The frenzied noise of champagne bottles being uncorked by the alleged winners of the 2018 Italian elections is already a distant memory.
The 5 Star Movement is the largest single political party (32%) while the Center-Right is the largest coalition (37%). Incidentally, the League’s leader, Matteo Salvini, obtained more votes than Berlusconi’s party. Both, however, fall short of the 40% required to form a government.
There is no winner. There is, however, one big loser: the Democrats who have led the government for the last 5 years (below 20%).
Almost 33 million Italians (73%) went to the polls, the country is split in two: a Center-Right North opposed to a 5-Star-Movement South.
There are two kingmakers at this stage: the President of the Italian Republic and the fear of newly-elected MPs’ regarding possible new elections.
Following the hearings with the representatives of the political parties, the President will appoint a leader – the President of the Council of Ministers (PM)– whose task it will be to achieve an upper and lower house majority. If successful, the PM will, then, propose a list of Ministers for the President’s approval. The President of the Republic might well refuse some candidatures. The last step is the formal vote of confidence by the parliament.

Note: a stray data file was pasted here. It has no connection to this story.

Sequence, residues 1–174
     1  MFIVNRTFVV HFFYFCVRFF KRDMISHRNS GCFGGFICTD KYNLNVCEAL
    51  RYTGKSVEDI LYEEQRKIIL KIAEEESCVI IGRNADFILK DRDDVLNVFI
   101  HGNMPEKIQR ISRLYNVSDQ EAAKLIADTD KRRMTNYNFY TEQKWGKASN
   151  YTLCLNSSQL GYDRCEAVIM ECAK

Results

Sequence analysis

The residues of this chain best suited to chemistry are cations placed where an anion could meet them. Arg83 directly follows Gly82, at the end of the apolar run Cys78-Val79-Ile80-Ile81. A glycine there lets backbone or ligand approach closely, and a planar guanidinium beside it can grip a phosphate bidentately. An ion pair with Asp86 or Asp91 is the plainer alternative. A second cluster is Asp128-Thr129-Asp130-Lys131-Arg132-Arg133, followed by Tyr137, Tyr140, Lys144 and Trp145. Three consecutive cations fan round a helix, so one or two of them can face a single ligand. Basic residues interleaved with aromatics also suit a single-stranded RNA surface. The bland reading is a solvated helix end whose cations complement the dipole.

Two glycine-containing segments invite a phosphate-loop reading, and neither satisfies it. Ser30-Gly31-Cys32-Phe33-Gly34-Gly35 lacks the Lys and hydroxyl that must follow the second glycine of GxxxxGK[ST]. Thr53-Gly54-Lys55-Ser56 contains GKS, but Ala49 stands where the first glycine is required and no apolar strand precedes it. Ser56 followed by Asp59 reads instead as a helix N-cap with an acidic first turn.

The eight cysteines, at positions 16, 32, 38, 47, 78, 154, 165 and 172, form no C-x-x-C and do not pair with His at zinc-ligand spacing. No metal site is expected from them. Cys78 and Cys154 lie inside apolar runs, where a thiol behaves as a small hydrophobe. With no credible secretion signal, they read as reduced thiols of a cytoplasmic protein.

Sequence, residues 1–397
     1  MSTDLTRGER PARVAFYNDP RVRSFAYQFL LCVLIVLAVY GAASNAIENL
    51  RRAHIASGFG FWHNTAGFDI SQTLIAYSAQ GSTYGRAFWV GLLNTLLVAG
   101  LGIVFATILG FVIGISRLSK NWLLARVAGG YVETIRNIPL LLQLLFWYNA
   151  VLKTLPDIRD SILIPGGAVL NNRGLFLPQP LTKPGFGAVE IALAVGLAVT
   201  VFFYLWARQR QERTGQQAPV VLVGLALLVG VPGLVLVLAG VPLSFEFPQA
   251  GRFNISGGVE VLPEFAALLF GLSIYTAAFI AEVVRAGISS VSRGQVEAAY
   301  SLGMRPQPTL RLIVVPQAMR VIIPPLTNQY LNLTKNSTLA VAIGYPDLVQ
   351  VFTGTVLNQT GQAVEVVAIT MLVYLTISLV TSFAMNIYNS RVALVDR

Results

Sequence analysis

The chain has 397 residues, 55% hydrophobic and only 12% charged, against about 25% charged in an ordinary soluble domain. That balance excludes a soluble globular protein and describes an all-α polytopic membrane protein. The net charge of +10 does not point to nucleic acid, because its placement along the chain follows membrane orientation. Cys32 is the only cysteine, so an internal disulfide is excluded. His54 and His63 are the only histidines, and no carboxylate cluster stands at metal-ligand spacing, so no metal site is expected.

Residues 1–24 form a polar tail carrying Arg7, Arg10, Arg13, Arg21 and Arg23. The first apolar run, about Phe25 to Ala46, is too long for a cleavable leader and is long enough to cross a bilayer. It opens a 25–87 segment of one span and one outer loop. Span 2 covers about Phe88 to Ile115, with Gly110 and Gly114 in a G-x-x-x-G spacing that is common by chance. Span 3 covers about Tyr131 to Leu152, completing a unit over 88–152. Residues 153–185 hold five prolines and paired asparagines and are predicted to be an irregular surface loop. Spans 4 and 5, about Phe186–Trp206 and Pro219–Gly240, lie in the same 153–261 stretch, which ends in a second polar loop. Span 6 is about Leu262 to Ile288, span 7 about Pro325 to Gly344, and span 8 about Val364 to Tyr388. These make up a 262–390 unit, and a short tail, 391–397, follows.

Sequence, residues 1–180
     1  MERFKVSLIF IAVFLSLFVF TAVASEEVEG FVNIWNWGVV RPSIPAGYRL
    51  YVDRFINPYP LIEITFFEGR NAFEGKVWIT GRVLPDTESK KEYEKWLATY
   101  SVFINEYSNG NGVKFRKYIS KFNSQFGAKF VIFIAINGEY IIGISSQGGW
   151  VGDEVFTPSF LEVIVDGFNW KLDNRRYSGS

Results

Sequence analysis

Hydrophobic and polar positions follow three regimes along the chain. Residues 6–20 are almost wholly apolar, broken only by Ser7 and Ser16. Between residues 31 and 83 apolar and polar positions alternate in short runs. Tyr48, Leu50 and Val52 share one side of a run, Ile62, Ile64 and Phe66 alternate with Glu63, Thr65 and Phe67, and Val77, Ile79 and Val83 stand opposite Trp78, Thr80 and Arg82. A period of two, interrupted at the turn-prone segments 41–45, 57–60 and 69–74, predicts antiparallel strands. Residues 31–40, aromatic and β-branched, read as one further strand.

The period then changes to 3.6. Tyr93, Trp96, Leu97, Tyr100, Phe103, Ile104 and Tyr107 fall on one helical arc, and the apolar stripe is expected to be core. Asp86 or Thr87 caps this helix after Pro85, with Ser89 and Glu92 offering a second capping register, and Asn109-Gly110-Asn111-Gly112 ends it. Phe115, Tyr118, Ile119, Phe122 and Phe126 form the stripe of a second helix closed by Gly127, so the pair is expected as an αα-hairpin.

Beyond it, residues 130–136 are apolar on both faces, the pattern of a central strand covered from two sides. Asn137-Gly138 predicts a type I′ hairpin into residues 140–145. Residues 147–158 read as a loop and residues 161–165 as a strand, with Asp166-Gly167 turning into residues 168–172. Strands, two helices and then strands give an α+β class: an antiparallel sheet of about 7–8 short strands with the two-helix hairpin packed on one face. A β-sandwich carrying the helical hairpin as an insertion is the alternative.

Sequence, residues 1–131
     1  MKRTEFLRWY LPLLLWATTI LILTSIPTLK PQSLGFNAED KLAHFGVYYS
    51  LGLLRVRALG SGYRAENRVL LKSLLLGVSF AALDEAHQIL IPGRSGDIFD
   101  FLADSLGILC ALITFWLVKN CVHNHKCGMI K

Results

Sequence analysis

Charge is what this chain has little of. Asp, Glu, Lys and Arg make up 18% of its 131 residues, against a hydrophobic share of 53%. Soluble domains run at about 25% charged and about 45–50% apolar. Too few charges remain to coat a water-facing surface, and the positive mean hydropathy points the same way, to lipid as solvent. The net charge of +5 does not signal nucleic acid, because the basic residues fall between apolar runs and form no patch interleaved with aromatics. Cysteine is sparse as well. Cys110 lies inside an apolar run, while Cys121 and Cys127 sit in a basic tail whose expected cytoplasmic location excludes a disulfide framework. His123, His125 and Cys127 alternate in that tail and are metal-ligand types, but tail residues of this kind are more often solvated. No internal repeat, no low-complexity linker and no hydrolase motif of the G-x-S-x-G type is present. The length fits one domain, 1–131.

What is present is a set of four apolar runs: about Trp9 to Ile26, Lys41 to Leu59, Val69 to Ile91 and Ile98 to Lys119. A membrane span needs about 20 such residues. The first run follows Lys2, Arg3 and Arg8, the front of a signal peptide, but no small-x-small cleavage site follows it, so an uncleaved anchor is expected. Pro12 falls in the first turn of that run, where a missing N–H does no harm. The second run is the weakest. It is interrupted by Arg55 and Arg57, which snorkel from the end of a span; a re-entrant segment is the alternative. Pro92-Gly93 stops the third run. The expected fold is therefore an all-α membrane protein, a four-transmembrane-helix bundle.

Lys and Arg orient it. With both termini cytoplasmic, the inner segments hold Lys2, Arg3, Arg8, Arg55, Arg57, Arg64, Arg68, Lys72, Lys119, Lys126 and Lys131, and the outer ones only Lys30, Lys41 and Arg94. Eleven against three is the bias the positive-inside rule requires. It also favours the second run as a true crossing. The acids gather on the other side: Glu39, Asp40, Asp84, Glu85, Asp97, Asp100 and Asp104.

Speculation abounds on which leader will be tasked with finding a majority. There is no specific provision. Everything will depend upon the hearings. The natural candidates are, theoretically, either the leader of the 5-Star-Movement, 31-year-old Luigi Di Maio, or the leader of the League, 44-year-old Matteo Salvini. Before new elections are called, the President of the Republic is obliged to find a majority within the newly appointed Parliament. Options might include personalities external to the political arena.
The President will take his time, which, in turn, will calm the emotions that still run high. MPs will realize, after much chest pounding on the purity of their respective ideals and their promises of “no compromise” with the enemy/opponent, that, in fact, politics remains the art of the compromise.
Many new MPs, in
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MPs will become more Machiavellian than they had anticipated. All would agree, in private conversations, that it has been, so far, a Pyrrhic Victory.